Fighting the Bombers, The Luftwaffe’s Struggle Against The Allied Bombing Offensive

B2364

This book was originally published by Greenhill in 2003 and frontline are to be commended for republishing this collection of comments from leading German fighter pilots during interrogation after the end of the war in Europe. Highly Recommended.

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NAME: Fighting the Bombers, The Luftwaffe’s Struggle Against The Allied Bomber Offensive
FILE: R2364
AUTHOR: edited by David C Isby
PUBLISHER: Pen & Sword
BINDING: soft back
PAGES: 256
PRICE: £12.99
GENRE: Non Fiction
SUBJECT: Allied bomber offensive, WWII, World War Two, Second World War, strategic bombing, area bombing, precision bombing, pathfinders, interceptors, night fighters, Kammhuber Line, radar, command and control, rocket fighters, jet fighters, bomber escorts
ISBN: 978-1-84832-845-7
IMAGE: B2364jpg
BUYNOW: http://tinyurl.com/jv3lost
LINKS:
DESCRIPTION: This book was originally published by Greenhill in 2003 and frontline are to be commended for republishing this collection of comments from leading German fighter pilots during interrogation after the end of the war in Europe.Highly Recommended.

This book is particularly valuable because it is based on the accounts of the Luftwaffe’s leading fighter pilots and senior officers, in their own words and sensitively edited into a single volume. These are the flyers who knew the German perception of the great air war over Germany and Occupied Europe in the greatest detail and strongest authority. As a perception, it also says much by what else is known but omitted from their accounts.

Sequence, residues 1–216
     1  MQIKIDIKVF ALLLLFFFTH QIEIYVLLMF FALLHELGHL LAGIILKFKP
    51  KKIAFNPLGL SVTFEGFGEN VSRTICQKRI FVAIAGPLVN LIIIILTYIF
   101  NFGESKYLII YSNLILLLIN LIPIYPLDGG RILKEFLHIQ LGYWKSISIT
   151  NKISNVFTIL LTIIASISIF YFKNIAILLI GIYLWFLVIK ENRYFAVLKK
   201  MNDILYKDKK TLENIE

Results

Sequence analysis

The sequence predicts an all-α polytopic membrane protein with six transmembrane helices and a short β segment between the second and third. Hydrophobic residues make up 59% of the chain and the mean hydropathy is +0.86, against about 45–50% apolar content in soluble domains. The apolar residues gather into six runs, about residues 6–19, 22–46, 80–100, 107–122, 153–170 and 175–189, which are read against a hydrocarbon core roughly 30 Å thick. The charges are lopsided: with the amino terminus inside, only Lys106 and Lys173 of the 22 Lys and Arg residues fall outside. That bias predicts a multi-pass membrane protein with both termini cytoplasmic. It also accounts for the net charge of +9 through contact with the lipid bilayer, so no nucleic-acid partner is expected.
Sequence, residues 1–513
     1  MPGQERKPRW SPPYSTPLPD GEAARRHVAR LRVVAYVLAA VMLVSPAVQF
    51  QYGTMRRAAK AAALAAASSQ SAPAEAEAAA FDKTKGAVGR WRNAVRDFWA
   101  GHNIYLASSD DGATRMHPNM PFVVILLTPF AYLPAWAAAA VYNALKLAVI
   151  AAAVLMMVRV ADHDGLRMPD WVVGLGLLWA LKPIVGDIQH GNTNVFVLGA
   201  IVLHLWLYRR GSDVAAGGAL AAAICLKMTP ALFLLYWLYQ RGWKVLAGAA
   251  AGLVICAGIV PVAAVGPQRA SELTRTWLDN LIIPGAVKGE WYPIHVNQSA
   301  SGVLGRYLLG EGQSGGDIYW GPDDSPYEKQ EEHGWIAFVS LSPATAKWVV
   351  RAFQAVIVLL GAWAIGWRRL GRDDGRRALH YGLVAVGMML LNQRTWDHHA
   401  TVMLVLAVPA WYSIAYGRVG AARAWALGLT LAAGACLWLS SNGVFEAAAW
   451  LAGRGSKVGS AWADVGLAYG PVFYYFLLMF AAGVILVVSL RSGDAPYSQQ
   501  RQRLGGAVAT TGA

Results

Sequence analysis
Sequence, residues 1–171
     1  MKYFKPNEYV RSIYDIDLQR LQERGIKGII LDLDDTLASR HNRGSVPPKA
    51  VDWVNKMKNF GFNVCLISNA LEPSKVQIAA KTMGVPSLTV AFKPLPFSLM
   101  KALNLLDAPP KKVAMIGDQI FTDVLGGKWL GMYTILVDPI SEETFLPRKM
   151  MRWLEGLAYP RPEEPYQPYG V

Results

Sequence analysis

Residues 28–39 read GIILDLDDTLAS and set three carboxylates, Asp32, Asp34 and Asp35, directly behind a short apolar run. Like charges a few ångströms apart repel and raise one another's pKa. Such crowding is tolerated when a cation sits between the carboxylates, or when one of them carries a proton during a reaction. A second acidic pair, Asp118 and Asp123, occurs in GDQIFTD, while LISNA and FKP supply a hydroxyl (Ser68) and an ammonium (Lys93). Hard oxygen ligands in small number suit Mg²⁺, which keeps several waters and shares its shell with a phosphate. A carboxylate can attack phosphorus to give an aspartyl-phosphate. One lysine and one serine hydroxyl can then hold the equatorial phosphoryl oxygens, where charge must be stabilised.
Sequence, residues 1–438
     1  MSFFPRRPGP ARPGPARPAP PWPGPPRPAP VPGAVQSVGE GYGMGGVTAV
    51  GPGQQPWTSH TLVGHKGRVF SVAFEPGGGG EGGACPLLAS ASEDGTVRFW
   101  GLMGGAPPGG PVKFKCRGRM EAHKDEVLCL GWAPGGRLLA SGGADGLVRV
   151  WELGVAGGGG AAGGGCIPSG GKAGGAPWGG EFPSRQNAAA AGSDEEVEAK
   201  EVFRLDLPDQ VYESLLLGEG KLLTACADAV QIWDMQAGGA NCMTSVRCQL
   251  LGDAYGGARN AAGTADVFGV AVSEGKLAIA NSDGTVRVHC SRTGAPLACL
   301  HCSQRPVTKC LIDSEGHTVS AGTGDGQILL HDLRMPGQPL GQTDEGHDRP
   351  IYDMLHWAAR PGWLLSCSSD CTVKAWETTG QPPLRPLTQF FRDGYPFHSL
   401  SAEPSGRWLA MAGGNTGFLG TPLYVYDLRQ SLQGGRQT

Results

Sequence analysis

After the withdrawal from Dunkirk in 1940, Great Britain and the Commonwealth stood alone against Germany, supported only be those war fighters of defeated countries who had escaped German occupation of their homelands. The British were able to mount pinprick raids on Occupied Europe, using small Commando forces that were dropped by parachute or landed from small Coastal Forces boats and submarines. These raids were to increase in size, frequency and complexity, acquiring valuable intelligence and probing German defences to build the picture required for eventual liberation of Europe, but they were initially more value as morale boosters for the besieged British. There was initially no prospect of anything more aggressive and substantial on the ground. The one option that was open was to launch a bombing campaign that would intensify and cause fatal damage to the German war effort.

In 1940, the RAF was not well equipped to launching a strategic bombing campaign, even though this was the main justification for absorbing the Army and Royal Navy aviators in 1918.The reality was that the Army and Navy had developed an excellent capability with fighters for defence and attack and also developed a ground attack capability to support the Army. In addition, the Royal Navy had seen, from before the availability of heavier than air vehicles, the value of aerial warfare to compliment their traditional role of strategic warfare by blockading enemy coasts and bombarding shore targets. That appreciation led to the RN developing airships for coastal patrol and convoy escort, coupled with shipborne fighter and bomber aircraft and long range landplanes. The RAF inherited all of these skills and assets, but did very little with the strategic assets, failing to continue the RN plan for a mass attack on the German Fleet in port, using its new fleet of aircraft carriers and naval strike aircraft. In fairness to the RAF, the closing stages of WWI carried a natural preoccupation with concluding the land war on the Western Front.